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B.C. confirms 217 new cases of COVID-19, for total of 13,588

5,101 people are under active public health monitoring as a result of identified exposure to known cases.
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Dr. Bonnie Henry gives COVID-19 update for B.C. Screengrab.

There are now 13,588 cases of the coronavirus (COVID-19) in B.C. after health officials announced 217 new cases Tuesday.

Two of these new cases are epi-linked. 

Provincial Health Officer Dr. Bonnie Henry reports that there are 4,476 cases in Vancouver Coastal Health (VCH), 7,674 in Fraser Health, 250 on Vancouver Island, 717 in Interior Health and 383 in Northern Health.

Additionally, there have been 88 cases of COVID-19 in B.C. of people who reside outside of Canada.

There have been two new health-care facility outbreaks at Felburn Care Centre and St. Michael’s Centre. In total, 21 long-term care or assisted-living facilities and two acute-care facilities have active outbreaks.

There have been no new community outbreaks. There also continue to be exposure events around the province.

There have been no new COVID-19 related deaths, for a total of 259 deaths in British Columbia.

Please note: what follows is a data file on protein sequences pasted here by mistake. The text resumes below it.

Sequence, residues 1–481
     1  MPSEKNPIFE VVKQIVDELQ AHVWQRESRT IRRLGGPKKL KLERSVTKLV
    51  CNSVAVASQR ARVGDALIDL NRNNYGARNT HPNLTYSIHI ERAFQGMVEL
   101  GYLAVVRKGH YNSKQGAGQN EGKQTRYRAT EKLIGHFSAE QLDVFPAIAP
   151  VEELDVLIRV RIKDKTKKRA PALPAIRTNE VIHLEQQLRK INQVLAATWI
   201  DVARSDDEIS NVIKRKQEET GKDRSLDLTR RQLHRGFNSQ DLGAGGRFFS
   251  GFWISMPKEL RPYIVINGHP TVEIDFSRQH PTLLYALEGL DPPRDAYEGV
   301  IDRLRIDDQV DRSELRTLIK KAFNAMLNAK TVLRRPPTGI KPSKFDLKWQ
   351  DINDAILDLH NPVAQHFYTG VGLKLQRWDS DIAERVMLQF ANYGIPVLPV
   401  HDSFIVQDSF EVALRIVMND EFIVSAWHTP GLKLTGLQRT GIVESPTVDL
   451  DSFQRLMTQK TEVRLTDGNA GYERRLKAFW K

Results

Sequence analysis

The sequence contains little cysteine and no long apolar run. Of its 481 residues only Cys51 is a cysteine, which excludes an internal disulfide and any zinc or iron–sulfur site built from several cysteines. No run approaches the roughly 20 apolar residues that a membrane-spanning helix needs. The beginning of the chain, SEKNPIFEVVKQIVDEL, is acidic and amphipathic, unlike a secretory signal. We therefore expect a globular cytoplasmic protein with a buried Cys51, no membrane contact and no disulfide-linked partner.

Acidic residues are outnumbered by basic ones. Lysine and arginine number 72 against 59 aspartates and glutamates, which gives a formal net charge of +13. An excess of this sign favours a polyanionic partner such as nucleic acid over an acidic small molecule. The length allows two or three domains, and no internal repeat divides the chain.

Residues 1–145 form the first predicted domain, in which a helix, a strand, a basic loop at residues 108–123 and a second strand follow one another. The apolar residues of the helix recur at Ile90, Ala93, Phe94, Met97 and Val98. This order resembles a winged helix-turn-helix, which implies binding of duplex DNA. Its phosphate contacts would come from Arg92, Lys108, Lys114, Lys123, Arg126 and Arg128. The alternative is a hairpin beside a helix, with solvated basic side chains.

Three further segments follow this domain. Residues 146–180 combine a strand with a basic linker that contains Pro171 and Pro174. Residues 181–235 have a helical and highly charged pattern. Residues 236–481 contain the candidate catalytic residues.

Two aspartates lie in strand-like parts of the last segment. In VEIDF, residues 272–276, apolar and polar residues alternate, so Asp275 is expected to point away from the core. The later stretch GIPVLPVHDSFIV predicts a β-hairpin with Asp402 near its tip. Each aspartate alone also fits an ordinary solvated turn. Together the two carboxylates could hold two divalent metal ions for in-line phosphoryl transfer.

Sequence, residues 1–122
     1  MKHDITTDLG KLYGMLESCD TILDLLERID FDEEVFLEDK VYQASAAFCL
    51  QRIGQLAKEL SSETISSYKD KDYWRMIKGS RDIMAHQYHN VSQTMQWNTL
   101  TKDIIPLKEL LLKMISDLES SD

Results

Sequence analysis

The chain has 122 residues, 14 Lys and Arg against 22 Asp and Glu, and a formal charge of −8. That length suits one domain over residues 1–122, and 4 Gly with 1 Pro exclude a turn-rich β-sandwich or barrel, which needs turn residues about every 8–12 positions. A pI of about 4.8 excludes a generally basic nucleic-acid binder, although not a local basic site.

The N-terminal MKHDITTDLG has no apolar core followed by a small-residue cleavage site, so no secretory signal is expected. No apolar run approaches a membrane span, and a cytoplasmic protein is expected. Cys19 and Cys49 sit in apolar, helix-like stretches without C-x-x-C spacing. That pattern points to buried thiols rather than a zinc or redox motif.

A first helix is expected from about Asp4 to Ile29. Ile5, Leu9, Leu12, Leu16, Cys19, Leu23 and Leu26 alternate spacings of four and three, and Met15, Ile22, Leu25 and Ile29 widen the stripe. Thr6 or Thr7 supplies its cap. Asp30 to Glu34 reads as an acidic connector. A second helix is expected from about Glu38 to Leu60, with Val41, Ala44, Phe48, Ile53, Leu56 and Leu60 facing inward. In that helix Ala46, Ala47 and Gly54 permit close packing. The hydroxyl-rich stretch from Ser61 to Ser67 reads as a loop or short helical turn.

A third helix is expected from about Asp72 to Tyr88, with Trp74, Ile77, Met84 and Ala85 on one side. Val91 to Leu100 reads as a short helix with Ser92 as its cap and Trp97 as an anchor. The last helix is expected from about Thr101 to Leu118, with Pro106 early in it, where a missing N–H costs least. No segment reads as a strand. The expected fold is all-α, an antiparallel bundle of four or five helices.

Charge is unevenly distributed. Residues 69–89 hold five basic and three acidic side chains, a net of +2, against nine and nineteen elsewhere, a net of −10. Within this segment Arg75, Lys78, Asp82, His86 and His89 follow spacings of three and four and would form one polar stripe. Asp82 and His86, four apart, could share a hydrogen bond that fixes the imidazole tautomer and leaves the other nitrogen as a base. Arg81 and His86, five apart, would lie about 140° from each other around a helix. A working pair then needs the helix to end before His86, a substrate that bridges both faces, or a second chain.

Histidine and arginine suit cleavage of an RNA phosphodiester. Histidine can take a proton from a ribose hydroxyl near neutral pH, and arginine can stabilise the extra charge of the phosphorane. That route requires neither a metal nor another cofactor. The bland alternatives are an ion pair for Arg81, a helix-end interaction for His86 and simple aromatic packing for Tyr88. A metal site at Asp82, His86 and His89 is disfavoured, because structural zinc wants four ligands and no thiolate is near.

Of the total COVID-19 cases, 84 individuals are hospitalized, 27 of whom are in intensive care. The remaining people with COVID-19 are recovering at home in self-isolation. As well, 5,101 people are under active public health monitoring as a result of identified exposure to known cases.

There are 2,322 active cases of COVID-19 in the province and 10,954 people who tested positive for COVID-19 have recovered.

Alerts are posted on the BC Centre for Disease Control’s (BCCDC) website, as well as on health authorities’ websites, providing details on where the potential exposure occurred and what actions to take – whether you need to self-isolate or monitor for symptoms.

“Always using our layers of protection reduces the potential for the virus to spread and is an important part of our COVID-19 response in B.C," said Henry.

“In addition to washing our hands often and staying home when ill, our protective layers include limiting our time with people outside of our household, keeping our groups small, giving people the space to stay safe and if that is challenging, using a non-medical mask.

“A mask is especially helpful in public indoor spaces where you don’t know the people around you and the risks they may have.

“As a result, the expectation is that masks will be worn within public areas of health-care facilities, shopping malls, grocery stores, community centres and other public spaces – as you enter, exit and move around.

“Public indoor spaces are quite different from our schools, offices and businesses that have established learning groups and work cohorts, supported by comprehensive COVID-19 safety plans.

“Getting through our COVID-19 storm requires all of us to do our part without exception, so let’s support each other to do the right thing today.”